My lawyers say that if it is a honest-to-goodness deal, it won't be a one-sided secretive deal that will disappear the moment you walk out the door. If it is, then be prepared to walk out of a room with your cash locked up inside - the moment you walk out of the door. That is the practice with most of the timeshare resale companies in Singapore right now. Who are the good guys? I don't know. Nobody knows. Do you think you will get lucky this time? Or do you want an legally binding deal? Your call.

If you asked me, I will prefer to cut loss on my initial timeshare investment of say, $30,000 rather than keep doubling up my losses to who-knows-what amount. With $30,000, I can put food in my pantry for the next 60 years or so in today's dollars. Why re-invest junk investments?

Update July 2009: MaxMega Timeshare Seller

Timeshares Resale | LGM | MaxMega

Related Must Read Article For Your Financial Well-Being: Why Can't I Sell My Timeshares?

© - Timeshares Resale | LGM | MaxMega


Anonymous said...

I notice that LGM is mentioned and wonder if anyone still has bad experiences with them.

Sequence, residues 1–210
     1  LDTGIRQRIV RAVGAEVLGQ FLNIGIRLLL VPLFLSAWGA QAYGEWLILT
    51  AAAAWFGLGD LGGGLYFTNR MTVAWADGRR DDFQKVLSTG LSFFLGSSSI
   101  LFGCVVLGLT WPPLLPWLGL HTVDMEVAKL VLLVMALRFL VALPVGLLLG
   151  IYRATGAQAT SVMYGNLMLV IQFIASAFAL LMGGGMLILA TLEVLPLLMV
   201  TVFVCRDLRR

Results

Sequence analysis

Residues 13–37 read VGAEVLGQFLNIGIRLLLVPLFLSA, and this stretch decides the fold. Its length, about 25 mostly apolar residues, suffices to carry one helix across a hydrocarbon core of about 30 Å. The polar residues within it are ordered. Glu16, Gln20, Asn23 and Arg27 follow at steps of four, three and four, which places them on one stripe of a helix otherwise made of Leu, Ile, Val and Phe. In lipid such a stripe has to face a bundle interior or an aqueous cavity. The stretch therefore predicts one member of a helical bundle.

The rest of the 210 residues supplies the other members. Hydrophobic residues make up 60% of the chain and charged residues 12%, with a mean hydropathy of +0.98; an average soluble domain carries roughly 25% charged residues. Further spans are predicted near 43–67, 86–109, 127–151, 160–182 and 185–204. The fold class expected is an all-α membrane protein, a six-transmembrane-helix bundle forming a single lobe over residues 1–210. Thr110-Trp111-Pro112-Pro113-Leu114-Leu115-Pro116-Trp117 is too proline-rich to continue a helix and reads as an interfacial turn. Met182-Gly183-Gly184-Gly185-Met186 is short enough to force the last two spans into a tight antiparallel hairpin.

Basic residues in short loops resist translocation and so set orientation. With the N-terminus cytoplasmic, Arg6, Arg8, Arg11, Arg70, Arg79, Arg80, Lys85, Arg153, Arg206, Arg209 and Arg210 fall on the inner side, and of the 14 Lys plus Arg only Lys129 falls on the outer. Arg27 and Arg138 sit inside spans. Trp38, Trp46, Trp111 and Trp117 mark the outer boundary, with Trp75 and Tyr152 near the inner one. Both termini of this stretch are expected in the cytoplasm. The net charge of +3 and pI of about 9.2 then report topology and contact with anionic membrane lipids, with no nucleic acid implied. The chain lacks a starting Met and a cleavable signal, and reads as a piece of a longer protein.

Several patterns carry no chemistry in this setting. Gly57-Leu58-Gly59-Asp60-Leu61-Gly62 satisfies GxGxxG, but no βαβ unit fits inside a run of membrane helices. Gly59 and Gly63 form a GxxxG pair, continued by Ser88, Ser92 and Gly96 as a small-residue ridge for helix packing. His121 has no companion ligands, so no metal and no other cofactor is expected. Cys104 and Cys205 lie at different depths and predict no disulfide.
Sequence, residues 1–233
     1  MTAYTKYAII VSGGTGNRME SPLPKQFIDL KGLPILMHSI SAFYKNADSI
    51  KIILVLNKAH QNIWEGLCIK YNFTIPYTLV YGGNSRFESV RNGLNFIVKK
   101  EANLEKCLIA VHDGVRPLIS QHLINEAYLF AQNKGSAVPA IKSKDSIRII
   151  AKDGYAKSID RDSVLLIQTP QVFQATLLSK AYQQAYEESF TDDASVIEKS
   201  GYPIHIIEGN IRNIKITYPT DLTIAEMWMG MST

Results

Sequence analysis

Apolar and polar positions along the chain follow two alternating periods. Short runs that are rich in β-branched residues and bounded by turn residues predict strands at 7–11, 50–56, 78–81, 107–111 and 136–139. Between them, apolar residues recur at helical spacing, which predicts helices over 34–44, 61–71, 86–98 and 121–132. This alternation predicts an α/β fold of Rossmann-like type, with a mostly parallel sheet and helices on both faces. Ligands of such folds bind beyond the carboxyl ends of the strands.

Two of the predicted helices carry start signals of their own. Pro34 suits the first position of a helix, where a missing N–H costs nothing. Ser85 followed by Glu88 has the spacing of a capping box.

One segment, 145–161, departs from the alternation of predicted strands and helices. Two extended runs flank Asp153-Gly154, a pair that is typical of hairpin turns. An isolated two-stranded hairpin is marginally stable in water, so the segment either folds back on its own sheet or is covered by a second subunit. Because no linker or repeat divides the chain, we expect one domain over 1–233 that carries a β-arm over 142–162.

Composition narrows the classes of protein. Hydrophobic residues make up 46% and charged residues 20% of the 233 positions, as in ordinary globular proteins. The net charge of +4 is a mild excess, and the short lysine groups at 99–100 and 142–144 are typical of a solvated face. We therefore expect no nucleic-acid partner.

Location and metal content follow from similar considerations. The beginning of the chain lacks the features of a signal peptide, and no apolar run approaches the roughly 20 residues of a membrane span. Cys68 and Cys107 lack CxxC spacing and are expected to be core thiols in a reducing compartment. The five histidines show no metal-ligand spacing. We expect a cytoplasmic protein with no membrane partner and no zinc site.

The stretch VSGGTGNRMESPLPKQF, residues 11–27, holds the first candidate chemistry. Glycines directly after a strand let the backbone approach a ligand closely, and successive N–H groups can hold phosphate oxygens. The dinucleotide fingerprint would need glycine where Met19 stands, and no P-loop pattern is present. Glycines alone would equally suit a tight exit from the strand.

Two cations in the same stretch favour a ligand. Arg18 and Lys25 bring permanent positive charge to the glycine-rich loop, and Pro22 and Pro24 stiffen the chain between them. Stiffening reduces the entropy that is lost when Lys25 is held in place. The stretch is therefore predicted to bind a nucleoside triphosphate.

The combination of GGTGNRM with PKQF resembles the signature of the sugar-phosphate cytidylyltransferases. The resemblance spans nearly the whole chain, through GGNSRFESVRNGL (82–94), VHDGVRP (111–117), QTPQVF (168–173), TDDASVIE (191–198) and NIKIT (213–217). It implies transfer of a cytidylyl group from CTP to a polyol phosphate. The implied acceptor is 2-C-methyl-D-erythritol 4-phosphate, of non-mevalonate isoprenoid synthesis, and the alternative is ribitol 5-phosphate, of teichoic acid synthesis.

Yesterday i found myself at i believe the old LGM offices in Ngee Ann City. This time its a new company Smiths and Barron selling not timeshare but members only travel service. Same selling techniques as LGM with "free" offers. Then the "investment" and its promise is wholesale discounted prices on air tickets, hotels, resorts etc. Claims to have 150,000 members worldwide and 15,000 in Singapore. Claims MPs, doctors, lawyers are members.

Same person behind it : Dwayne Hill. Anyone signed up - what is your experience? Are their wholesale prices legitimate?

I have 5 days to say NO.
Thanks Doubtful

comSG said...

Sorry for the belated reply. Been very busy lately and did not check the blog recently.

As mentioned in my other articles on timeshares, here is a summary of previous tips on what to do at timeshare presentations: